Paul Lipson - Fort Point Capital

If I were on a management team sizing up a PE firm, I would want to know things like: How did we act when the business suffered a loss or missed its budget? What did we do when faced with a serious customer issue? Were we additive and did we help solve the problem, or did we just heap more pressure on their backs? Did we generate new ideas and new thinking? What kind of resources were we able to bring to bear, or were we just sitting there asking questions?

< Back to list

Paul Lipson

Partner

Paul Lipson is one of the co-founders of Fort Point Capital. As Partner, he is responsible for all aspects of the firm’s activities, with an emphasis on sourcing and investment origination activities.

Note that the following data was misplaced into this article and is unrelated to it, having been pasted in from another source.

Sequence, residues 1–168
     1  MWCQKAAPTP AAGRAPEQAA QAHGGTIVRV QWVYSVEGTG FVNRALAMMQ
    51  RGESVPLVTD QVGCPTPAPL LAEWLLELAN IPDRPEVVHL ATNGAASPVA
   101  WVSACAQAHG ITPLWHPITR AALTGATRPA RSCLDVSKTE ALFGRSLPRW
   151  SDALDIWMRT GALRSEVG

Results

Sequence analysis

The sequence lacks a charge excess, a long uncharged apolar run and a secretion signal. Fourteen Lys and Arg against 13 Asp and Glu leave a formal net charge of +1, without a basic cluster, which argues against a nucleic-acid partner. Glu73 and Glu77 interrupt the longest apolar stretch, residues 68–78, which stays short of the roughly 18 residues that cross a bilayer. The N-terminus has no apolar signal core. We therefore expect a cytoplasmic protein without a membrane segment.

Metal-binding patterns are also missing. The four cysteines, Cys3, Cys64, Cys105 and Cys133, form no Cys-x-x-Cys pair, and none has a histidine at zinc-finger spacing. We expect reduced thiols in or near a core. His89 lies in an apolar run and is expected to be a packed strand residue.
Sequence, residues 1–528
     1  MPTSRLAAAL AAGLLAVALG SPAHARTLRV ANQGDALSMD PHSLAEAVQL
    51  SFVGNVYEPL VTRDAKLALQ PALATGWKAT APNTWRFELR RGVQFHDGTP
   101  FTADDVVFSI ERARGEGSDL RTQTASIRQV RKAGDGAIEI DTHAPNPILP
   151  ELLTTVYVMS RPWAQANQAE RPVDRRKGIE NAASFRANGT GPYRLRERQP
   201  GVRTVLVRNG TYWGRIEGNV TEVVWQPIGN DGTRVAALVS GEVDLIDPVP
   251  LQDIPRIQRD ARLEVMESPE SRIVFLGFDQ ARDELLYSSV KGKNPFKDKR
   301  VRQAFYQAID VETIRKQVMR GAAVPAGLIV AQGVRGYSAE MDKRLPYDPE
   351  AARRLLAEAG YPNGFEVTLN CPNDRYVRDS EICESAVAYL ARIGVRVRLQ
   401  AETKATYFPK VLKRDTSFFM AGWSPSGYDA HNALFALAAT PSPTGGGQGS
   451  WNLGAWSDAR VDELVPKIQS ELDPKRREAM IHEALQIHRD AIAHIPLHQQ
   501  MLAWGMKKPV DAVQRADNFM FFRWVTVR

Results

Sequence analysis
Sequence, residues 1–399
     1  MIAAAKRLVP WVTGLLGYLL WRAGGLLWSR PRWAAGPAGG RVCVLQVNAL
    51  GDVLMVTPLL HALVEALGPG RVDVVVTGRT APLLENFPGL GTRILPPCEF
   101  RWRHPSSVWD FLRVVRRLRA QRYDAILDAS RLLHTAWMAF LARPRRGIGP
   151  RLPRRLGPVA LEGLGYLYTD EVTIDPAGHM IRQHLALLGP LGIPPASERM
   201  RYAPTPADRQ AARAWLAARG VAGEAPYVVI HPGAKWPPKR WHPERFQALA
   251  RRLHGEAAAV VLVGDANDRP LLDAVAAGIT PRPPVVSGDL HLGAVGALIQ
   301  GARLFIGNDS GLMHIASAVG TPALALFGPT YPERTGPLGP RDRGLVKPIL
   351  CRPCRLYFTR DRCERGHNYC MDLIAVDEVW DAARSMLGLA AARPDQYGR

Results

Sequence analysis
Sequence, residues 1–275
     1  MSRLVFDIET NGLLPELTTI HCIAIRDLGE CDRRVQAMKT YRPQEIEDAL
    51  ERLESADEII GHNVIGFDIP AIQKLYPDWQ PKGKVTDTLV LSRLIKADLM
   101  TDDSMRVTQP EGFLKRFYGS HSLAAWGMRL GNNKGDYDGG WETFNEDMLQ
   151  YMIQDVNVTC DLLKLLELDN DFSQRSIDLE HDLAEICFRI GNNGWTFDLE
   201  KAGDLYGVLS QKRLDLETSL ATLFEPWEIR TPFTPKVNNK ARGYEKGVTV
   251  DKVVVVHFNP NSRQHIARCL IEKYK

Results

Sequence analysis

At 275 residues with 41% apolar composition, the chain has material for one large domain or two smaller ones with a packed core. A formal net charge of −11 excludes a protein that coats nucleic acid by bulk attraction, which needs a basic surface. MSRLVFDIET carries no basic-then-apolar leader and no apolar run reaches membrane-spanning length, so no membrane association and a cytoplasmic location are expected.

Prior to founding Fort Point Capital in 2010, Paul was with Fidelity Equity Partners, a $500 million growth buyout fund, where he was responsible for the firm’s business development activities in North America.

Before Fidelity, Paul was with Great Hill Partners, a Boston-based private equity fund focused on the middle market, where he was responsible for investments in the business services and media sectors. Previously, he held business and corporate development positions at a number of media and for-profit education companies. In these positions he was involved in multiple acquisitions, successful capital raising efforts and a management buyout.

Paul received a B.A. in international relations from Colgate University and an MBA. from Columbia University’s Graduate School of Business. He lives in Brookline with his wife and children, and often tries to coax them into weekends spent fishing or skiing.

How did you become interested in private equity? What drew you to it?